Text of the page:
The Bath and North East Somerset area had the highest rate of coronavirus across England up to the week ending Friday 15th October, figures from the UK Health Security Agency have shown.
The latest numbers reveal there were 887.5 cases per 100,000 people, which is more than triple the number compared to the previous week (up to 8th October) of 260.7 cases.
The significant rise, which has been echoed across the West of England, has been partially blamed on issues with a testing laboratory in Wolverhampton which incorrectly told tens of thousands of people they were negative for the virus.
This meant people across the Bath area who had taken a PCR test and received negative results were then inadvertently spreading the virus in the community.
NHS Test and Trace estimate that around 400,000 samples were processed by the lab, with around 43,000 people being given an incorrect result between 8th September and 12th October.
The NHS said it was contacting people that could still be infectious to advise them to take another test.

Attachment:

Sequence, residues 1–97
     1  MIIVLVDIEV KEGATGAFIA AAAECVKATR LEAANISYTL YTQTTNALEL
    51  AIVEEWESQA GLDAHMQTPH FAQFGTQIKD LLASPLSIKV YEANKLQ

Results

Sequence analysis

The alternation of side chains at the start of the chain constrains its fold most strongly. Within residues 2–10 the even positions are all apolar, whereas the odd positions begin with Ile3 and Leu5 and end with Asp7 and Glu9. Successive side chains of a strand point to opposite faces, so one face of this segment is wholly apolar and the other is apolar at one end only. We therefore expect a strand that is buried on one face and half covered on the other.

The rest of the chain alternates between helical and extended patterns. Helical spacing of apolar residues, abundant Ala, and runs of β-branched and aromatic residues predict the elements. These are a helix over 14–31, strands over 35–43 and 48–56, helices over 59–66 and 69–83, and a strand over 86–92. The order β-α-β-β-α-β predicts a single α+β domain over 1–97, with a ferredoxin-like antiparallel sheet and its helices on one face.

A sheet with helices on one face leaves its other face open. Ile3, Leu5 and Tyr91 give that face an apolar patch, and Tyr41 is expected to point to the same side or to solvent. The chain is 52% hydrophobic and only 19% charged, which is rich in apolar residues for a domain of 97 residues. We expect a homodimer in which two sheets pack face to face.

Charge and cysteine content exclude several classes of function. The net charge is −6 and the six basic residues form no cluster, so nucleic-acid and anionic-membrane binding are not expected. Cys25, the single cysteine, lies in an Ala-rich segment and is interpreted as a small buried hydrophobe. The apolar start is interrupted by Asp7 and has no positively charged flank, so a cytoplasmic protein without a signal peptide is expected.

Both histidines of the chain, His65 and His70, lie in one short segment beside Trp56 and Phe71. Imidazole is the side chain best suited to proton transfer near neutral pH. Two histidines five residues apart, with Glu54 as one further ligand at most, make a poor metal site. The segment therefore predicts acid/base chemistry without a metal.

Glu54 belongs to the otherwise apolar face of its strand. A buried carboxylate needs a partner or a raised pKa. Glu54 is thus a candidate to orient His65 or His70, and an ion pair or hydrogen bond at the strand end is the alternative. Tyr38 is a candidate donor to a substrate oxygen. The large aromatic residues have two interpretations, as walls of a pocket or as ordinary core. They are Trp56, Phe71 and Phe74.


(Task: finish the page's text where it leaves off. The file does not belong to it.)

It has since emerged that the Immensa laboratory in Wolverhampton was not fully accredited for coronavirus testing, despite assurances from health officials.
The majority of new positive cases reported are in those under the age of 60.
Up to Tuesday 19th October, Bath and North East Somerset recorded a total of 21,401 cases since the start of the pandemic.
Recent figures show the Royal United Hospital in Bath was treating 39 patients with the virus, and five of them required ventilation.
Residents are once again being urged to be extra cautious as Covid-19 spreads quickly, with the use of face masks being encouraged despite not being legally required.
Locals are also being reminded to book booster jabs when contacted, and take advantage of the vaccinations available if they are yet to receive one.